The at least one electrode 30 can be made of any commonly utilized material as is known to those of skill in the art. In one embodiment the at least one electrode 30 is made of a solid surface, bio-compatible material, examples of such materials include, but are not limited to, platinum, a platinum-iridium alloy, or stainless steel for example. Also, in some embodiments, lead 10 may carry one or more electrodes capable of sensing one or more parameters to permit neurostimulator 40 to sense electrical signals within sacrum 16, for example. In some embodiments, neurostimulator 40 may be coupled to two or more leads deployed at different positions, for example, relative to the spinal cord or sacral nerves.

In one embodiment lead 10 includes a lead body that contains one or more conductors to electrically couple the one or more electrodes to terminals within neurostimulator 40. In one embodiment the outer diameter of the lead body, referred to herein as the lead body diameter can be from about 0.5 mm to about 2 mm. In yet another embodiment, the lead body diameter can be about 1 mm to about 1.5 mm. In a further embodiment the lead body diameter can be about 1.3 mm.

Leads in accordance with the invention can have variable lengths, depending at least in part on considerations such as the type of tissue that the lead is to be implanted in, the surrounding anatomy where the lead will be implanted, the particular configuration of the lead, the number of modifiable portions within the lead, the number of electrodes within the lead, the location of the one or more modifiable portions and/or the one or more electrodes within the lead, whether or not the lead will be used with an extension, and where the neurostimulator is to be implanted, for example.

In one embodiment of the invention, where the lead is to be used for stimulation of the pelvic floor with a lead extension, the length of the lead can range from about 10 cm to about 100 cm. In another embodiment of the invention, where the lead is to be used for stimulation of the pelvic floor with a lead extension, the length of the lead can range from about 10 cm to about 80 cm. In yet another embodiment of the invention, where the lead is to be used for stimulation of the pelvic floor with a lead extension, the length of the lead can range from about 20 cm to about 60 cm.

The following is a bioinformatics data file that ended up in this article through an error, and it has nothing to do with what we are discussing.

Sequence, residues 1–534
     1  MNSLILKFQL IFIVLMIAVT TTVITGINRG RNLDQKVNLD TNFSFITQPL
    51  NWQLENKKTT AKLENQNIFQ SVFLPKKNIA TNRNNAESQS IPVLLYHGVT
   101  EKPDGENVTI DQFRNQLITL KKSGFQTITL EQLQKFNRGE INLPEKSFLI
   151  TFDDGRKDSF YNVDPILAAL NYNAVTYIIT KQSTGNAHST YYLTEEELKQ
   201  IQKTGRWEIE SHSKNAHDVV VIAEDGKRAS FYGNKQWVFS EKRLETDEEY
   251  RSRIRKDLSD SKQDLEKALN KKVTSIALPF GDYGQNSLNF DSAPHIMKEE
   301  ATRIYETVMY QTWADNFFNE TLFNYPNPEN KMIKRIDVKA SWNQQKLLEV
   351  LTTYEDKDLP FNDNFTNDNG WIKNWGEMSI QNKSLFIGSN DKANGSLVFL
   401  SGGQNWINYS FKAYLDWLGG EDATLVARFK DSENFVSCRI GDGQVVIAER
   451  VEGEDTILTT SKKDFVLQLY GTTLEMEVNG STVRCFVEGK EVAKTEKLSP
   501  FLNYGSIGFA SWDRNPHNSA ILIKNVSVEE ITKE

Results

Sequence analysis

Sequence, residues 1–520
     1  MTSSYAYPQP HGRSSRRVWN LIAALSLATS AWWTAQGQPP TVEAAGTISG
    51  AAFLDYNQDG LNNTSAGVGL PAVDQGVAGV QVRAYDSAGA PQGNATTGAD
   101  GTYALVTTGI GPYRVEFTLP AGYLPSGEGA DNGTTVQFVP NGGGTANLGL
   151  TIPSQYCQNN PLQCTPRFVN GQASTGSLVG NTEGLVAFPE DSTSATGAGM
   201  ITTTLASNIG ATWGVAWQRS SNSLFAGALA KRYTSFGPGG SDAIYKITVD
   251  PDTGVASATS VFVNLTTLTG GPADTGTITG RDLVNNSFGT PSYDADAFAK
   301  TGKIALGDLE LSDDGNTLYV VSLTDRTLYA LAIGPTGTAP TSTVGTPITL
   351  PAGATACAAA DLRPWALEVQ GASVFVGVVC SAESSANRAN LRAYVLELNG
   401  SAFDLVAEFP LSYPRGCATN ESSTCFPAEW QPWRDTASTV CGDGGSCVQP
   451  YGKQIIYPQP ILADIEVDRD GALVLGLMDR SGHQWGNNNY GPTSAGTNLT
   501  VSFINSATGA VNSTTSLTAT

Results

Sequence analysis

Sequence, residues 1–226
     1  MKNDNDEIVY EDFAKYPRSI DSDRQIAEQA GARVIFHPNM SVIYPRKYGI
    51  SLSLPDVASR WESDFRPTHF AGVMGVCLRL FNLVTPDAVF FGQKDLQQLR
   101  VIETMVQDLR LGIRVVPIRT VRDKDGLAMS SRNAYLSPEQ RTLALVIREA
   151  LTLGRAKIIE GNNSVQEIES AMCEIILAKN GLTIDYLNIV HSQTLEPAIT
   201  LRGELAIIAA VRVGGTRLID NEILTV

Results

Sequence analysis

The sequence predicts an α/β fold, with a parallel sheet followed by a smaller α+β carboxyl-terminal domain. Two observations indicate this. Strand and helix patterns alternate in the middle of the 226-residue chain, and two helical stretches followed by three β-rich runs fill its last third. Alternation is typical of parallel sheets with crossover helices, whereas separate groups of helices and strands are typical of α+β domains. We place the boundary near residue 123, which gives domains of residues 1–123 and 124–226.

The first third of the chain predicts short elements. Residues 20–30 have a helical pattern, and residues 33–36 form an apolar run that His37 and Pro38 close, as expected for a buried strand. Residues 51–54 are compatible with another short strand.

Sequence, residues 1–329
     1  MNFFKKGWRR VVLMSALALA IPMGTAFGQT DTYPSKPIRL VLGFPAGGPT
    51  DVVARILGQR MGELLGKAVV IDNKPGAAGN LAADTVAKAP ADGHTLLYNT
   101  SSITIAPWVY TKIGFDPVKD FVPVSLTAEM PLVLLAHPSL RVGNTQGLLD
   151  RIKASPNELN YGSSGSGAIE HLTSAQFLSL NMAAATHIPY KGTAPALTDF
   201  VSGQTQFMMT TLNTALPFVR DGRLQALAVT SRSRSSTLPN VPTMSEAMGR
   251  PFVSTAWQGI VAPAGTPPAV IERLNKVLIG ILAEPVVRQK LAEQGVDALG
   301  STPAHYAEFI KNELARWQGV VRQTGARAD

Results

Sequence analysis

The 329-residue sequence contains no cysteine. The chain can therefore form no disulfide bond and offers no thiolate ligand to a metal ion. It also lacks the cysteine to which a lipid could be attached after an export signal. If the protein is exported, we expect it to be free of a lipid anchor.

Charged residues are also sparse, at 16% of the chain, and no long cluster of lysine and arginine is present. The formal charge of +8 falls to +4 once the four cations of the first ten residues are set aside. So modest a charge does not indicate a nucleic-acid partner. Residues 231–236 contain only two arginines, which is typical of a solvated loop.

In one embodiment, the at least one electrode 30 is located towards the distal end 31 of the lead 10. FIG. 1B depicts a portion of an exemplary lead 10 in accordance with the invention. The exemplary lead 10 depicted there includes four electrodes 30 a, 30 b, 30 c, and 30 d. The electrodes 30 a, 30 b, 30 c, and 30 d have an electrode length p. In this example, the four electrodes 30 a, 30 b, 30 c, and 30 d have equal electrode lengths p. One of skill in the art, having read this specification, will understand that the electrode lengths p could be different or the same. One of skill in the art will also understand that the electrode lengths p of any one electrode or all of the electrodes can vary and may be at least in part dependent on a number of factors including, but not limited to the type of tissue that the lead will be implanted in, the surrounding anatomy where the lead will be implanted, the stimulation parameters that the lead will be delivering, the types of electrodes, and the number of electrodes.

In one embodiment, the electrode length p can range from about 1 mm to about 20 mm. In another embodiment the electrode length p can range from about 1 mm to about 3 mm. In yet another embodiment the electrode length p can range from about 3 mm to about 10 mm. In one embodiment, a lead 10 has at least one electrode that has an electrode length p of about 3 mm. In another embodiment, a lead 10 has at least one electrode that has an electrode length p of about 10 mm.

The electrodes 30 a, 30 b, 30 c, and 30 d are separated by inter-electrode distances q. In this example, the four electrodes 30 a, 30 b, 30 c, and 30 d are separated by equal inter-electrode distances q, but one of skill in the art, having read this specification, will understand that the inter-electrode distances q could be different. One of skill in the art, having read this specification, will also understand that the inter-electrode distances q of any one electrode or all of the electrodes can vary and may be at least in part dependent on a number of factors including, but not limited to the type of tissue that the lead will be implanted in, the surrounding anatomy where the lead will be implanted, the stimulation parameters that the lead will be delivering, the types of electrodes, and the number of electrodes.